INTRODUCTION

Over time, the packaging manufacturing lines have been evolving in an accelerated way, always looking for a fivefold objective:

– 1º.- Improve the technology of the equipment, to increase the quality of the cans

– 2nd.- Increase the production rate, so that more cans can be obtained per unit of time.

– 3º.- Automate the facilities in order to reduce direct labor on the equipment.

– 4th.- Optimize the use of raw materials, to reduce their consumption

– 5th.- Compact the location of machines, to save occupied surface.

All of them had a very important impact on the cost of exploitation, either directly (saving raw materials or direct labor) or indirectly (reduction of rejects due to defective quality or surface of industrial buildings).

In this paper we will focus on the 2nd and 3rd points, that is, the evolution of speed and labor used in a line over time. We will see in the specific case of an installation to manufacture round cans three pieces for preserves. The increase in productivity achieved by the improvement of both factors has been impressive

For them we will put several examples of line design for this product, comparing old with modern, although all of them of possible current employment, depending on their use of the country’s industrial development (labor cost), investment capacities or volume of the market to which it is destined. At the end we will make a summary table that reflects the evolution of productivity, expressed in hours / man per thousand cans (HH% 0 )

 

 

LOW SPEED LINES

.- A: Lines of locked or seam

As they were incorporating the primitive machines to the metal industry, which was initially all handcrafted, they were ordered by groups of the same type, for example all the tabs were gathered together, or all the seamers, etc. led by the idea of ​​organizing the manufacturing workshop by skilled labor. This required a large transfer of material in the process of manufacture from one place to another.

Soon, at the beginning of the 20th century, lines began to be organized, ordering the machines by the sequence of operations of the can being manufactured. The union between them was carried out by means of storage tables or transporters. Thus, in the first part of this century it was common to work with equipment provisions such as the one described in figure 1. It is intended to produce round, agraphed and welded cans, especially of a certain size.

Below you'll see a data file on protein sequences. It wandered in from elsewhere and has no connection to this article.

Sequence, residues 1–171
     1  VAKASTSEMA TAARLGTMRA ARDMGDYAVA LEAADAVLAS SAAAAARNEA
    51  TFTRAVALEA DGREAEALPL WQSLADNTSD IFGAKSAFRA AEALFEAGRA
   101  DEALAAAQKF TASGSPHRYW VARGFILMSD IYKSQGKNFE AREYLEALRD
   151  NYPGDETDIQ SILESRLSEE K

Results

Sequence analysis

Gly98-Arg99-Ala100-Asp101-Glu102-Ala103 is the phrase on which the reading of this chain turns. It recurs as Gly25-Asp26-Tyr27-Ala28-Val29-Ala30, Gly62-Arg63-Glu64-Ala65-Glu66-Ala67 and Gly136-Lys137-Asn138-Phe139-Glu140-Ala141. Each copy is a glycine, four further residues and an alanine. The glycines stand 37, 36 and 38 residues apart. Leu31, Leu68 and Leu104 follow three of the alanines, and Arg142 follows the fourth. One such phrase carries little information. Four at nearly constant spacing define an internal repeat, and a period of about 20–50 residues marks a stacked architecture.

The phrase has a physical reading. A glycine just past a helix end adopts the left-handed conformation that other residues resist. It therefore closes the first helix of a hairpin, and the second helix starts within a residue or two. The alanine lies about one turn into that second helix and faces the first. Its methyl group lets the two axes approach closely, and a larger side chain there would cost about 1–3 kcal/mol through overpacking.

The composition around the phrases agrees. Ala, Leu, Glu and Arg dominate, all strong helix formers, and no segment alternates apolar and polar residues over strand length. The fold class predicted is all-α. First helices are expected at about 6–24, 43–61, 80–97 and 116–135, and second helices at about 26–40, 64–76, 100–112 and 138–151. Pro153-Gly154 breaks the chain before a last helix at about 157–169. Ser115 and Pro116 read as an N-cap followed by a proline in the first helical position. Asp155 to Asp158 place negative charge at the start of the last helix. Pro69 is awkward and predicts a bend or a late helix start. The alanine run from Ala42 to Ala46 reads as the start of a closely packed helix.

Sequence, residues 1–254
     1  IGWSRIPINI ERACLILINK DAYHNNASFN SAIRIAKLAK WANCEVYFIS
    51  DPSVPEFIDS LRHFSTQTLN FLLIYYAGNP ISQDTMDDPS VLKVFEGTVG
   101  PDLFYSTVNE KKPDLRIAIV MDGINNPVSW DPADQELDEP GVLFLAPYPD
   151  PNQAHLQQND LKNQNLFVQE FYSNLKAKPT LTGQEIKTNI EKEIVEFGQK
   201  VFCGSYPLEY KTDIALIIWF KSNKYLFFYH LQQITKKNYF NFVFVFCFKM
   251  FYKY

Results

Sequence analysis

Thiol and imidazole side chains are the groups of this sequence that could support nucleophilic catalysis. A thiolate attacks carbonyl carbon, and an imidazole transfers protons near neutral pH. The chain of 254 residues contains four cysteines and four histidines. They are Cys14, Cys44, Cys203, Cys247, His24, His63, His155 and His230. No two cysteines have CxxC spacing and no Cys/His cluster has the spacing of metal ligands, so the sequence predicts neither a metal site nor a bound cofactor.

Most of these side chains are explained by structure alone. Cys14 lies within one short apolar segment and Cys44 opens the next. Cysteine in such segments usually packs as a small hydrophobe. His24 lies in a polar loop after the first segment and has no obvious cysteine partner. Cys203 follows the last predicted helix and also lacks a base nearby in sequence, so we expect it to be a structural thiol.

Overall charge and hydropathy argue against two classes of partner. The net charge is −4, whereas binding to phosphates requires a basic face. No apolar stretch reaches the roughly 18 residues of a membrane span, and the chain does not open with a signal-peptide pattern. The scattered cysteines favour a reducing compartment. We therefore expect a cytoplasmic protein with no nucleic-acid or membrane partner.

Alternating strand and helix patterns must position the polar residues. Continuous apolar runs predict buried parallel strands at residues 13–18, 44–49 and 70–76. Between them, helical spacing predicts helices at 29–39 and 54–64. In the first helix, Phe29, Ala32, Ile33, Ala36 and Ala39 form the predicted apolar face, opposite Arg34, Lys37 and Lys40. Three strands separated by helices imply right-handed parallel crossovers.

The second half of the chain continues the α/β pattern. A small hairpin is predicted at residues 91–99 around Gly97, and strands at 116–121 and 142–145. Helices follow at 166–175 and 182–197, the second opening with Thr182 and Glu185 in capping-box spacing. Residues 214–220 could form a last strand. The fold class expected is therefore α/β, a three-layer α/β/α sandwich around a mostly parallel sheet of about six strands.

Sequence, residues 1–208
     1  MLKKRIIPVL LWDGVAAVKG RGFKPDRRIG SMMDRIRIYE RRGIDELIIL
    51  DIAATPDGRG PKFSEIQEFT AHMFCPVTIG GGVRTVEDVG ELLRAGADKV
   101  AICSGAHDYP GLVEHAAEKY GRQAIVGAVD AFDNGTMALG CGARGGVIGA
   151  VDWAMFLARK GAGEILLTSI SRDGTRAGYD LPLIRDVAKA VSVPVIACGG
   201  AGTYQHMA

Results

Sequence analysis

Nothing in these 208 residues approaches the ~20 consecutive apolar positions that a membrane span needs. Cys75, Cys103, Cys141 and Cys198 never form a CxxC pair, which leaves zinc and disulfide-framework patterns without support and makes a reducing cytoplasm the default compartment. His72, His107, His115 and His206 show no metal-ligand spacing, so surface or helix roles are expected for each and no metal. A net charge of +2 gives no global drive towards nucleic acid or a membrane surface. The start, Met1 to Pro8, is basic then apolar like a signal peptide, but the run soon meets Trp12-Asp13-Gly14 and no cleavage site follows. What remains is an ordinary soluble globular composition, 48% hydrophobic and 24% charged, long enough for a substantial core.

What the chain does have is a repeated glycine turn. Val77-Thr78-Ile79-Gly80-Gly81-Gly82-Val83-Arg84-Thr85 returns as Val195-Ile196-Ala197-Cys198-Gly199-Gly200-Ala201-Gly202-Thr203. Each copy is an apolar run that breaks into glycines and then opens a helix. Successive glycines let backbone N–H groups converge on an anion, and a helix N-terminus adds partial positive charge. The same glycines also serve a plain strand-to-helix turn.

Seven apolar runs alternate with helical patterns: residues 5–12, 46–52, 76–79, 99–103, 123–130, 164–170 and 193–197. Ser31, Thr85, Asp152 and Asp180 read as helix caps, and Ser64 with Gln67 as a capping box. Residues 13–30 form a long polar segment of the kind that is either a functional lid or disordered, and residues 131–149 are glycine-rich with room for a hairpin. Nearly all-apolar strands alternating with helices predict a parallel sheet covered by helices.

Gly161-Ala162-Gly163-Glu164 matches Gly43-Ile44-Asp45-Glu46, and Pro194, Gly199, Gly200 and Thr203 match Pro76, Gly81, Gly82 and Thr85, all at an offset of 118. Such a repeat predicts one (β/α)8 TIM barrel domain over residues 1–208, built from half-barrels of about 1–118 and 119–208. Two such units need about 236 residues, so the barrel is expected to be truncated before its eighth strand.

Drawing nº 1: Manual line for round and welded round cans

 The line is composed of:

1.- Corners of flat bodies corners

2.- Rolling of bodies, which forms the cylinder. Both machines are operated with only one worker.

3.- Conveyor or ramp by gravity for the transfer of the rolled body

4.- Bigornia press for forming hooks at the ends of the body. Operated by a person

5.- Conveyor belt, with pickling applicator (preparation for tin welding). Requires an operator.

6.- Food or waiting table for bodies

7.- Bigornia press for the engraving of the hooks of the body. Operated by a person

8.- Chain conveyor for the manual application of tin welding by wire, requires two operators.

9.- Manual spanner. An operator

10.-Tape conveyor

11.- Manual closing machine. Two operators, one feeds tapas and another closes

12.- Conveyor belt

13.- Packaging. An operator

14.- Storage platform

 

The packaging was initially made in paper bags or boxes. Subsequently, direct palletization was implemented.

The approximate space occupied by a line of these characteristics is indicated on the drawing, as well as the necessary gas intakes with black circles and electricity with white circles

The theoretical capacity of production is 1000 cans / hour and the human team required 10 people from direct labor, to which we had to add one more to recover defective cans. Total 11 people. Therefore, 11 HH 0/00 is required . In drawing no. 1 the work stations are represented by semicircles in black and marked with capital letters. The labor necessary to cut the flat bodies from sheets is not taken into account, since as the production capacity of the shears was well above the line, this operation was carried out in the section of shears, where few were sufficient to meet the needs of several lines.